The S&P 500 remained under water, losing 1.6 points to close at 1,420, but it posted a 0.2% gain for the first quarter. The tech-heavy Nasdaq Composite rose 3.8 points to 2,421 Friday, and advanced 0.3% for the quarter.
The final trading sessions of a quarter also typically bring so-called "window-dressing," when money managers try to fill their portfolios with winning stocks and ditch losing stocks.
U.S. sanctions stun market
Stocks and the dollar turned around in late morning trade, after the Commerce Department announced the sanctions in connection with a dispute over paper subsidies.
"We haven't seen the exact percentages yet, but this represents a 20-year break in U.S. trade policy and potentially a watershed in US/Chinese trade relations," said Brian Dolan, director of research at Forex.com. "The obvious impact is going to be felt in dollar/yen which is already collapsing."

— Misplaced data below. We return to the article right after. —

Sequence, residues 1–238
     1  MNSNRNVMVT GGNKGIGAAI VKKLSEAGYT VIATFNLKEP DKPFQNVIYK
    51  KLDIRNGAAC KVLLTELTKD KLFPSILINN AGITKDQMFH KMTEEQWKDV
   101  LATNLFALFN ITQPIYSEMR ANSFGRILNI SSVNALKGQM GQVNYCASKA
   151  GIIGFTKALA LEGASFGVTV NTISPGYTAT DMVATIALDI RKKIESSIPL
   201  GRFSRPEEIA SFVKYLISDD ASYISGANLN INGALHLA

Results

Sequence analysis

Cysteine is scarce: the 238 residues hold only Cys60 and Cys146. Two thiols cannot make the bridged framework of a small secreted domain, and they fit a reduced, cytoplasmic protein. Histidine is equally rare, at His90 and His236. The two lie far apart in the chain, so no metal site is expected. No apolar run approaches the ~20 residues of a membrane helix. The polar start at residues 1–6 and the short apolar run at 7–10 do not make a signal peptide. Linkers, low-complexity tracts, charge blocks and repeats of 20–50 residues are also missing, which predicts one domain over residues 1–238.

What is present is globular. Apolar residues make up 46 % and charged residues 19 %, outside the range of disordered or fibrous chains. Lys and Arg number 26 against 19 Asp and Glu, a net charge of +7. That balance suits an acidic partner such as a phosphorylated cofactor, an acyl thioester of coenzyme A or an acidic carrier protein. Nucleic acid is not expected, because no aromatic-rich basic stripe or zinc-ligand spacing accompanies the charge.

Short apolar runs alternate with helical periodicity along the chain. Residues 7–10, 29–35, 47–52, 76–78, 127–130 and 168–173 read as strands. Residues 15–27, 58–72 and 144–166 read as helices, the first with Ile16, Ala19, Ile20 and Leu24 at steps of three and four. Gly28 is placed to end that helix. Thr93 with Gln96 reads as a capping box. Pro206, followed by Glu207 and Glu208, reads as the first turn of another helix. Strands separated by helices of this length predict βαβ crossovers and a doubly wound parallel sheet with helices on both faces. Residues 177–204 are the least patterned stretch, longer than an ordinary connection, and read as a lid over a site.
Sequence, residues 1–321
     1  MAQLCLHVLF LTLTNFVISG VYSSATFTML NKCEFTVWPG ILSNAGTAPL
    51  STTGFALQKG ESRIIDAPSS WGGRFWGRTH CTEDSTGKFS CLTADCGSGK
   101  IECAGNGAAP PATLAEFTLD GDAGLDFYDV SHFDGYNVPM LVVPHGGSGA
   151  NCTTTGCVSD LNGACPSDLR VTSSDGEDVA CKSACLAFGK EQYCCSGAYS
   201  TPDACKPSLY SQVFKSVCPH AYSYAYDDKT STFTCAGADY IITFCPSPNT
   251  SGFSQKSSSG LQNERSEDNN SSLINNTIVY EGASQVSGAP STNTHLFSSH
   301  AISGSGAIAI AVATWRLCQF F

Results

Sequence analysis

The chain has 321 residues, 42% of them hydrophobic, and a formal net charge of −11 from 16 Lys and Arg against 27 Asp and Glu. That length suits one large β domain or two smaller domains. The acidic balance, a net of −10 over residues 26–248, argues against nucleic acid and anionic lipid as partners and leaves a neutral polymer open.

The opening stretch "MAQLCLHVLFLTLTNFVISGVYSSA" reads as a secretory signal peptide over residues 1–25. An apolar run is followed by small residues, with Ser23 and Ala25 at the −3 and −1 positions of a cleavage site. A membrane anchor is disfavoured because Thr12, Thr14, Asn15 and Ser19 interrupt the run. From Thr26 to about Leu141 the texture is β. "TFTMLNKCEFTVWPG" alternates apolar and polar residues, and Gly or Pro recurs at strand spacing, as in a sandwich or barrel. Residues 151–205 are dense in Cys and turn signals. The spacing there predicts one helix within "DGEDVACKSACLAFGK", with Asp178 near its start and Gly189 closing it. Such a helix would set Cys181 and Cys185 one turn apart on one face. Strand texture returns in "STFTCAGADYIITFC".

The sharp drop in the dollar reflected concerns that China may sell, or simply stop buying, U.S. assets -- mostly Treasury bonds -- which could lead to a spike in interest rates and further weaken a slowing U.S. economy. There are also concerns that higher Chinese import prices might further hurt consumption.
"Anti-China protectionist legislation will backfire -- resulting in the functional equivalent of a tax hike on the U.S. consumer, as well as reduced Chinese demand for U.S. Treasurys," said Morgan Stanley chief economist Stephen Roach in a note Friday.
The sanctions against China "could restrict the market, if it becomes more of a battle," said Deutsche Bank's Fitzpatrick.